Earlier this month, a federal judge determined that Georgia’s rules governing election of Georgia Public Service Commission members violated the Voting Rights Act.
Although that ruling was stayed on the grounds that it came too close to the election, the United States Supreme Court just said otherwise.
Federal district court judge found that election law illegally dilutes black votes
According to The New York Times, the case concerned legislation that governs elections for the Georgia Public Service Commission, a five-member body tasked with setting utility rates.
Although each member represents a geographical area of the state, the 1998 law made each commission race a statewide affair.
At issue is the fact that while District 3 is majority black, African American voters only comprise roughly a third of voters in Georgia overall.
As a result, Judge Steven D. Grimberg declared that the law was an impermissible attempt to dilute the voting power of African American residents and that the state would be compelled to end statewide voting.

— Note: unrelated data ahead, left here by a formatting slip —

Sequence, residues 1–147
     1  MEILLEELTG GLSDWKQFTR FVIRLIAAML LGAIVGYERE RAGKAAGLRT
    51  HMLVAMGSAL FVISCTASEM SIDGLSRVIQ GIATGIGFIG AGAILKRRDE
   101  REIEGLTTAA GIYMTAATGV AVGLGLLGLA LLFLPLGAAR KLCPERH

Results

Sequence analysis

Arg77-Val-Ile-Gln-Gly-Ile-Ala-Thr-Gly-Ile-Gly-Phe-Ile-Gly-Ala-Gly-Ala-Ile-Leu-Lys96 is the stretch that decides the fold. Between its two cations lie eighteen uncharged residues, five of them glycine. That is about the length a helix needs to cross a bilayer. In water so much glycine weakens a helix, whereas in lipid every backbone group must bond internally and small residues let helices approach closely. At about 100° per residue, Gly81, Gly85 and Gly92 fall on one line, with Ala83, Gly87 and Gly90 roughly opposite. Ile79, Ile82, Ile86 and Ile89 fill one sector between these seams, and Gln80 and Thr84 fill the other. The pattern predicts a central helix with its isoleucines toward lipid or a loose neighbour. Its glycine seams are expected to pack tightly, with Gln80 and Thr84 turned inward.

However, the U.S. Court of Appeals for the 11th Circuit issued a stay on Grimber’s decision, citing the 2006 case Purcell v. Gonzalez, from which legal scholars have derived something called the Purcell principle.
The principle holds that changes in voting procedure made during the immediate runup to an election are considered to be constitutionally suspect.
Supreme Court agrees that secretary of state waived Purcell argument
Yet the Times noted how that decision to issue a state was not unanimous, with Judge Robin S. Rosenbaum writing a dissent in which he pointed out that attorneys for Georgia Secretary of State Brad Raffensperger had urged Grimberg to proceed slowly and explicitly promised not to cite Purcell in an appeal.
“Secretary Raffensperger expressly and purposely waived this argument,” the judge stressed, adding, “He couldn’t have waived this argument more if he tried.”
The Supreme Court sided with Rosenbaum’s assessment in an unsigned order issued on Friday, citing Raffensperger’s “previous representations to the district court that the schedule on which the district court proceeded was sufficient to enable effectual relief as to the November elections should applicants win at trial.”